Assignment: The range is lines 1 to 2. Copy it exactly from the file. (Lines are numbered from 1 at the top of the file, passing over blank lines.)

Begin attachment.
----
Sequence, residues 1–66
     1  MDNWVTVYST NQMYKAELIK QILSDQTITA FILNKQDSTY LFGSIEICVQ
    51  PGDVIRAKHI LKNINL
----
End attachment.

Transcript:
Sequence, residues 1–66
     1  MDNWVTVYST NQMYKAELIK QILSDQTITA FILNKQDSTY LFGSIEICVQ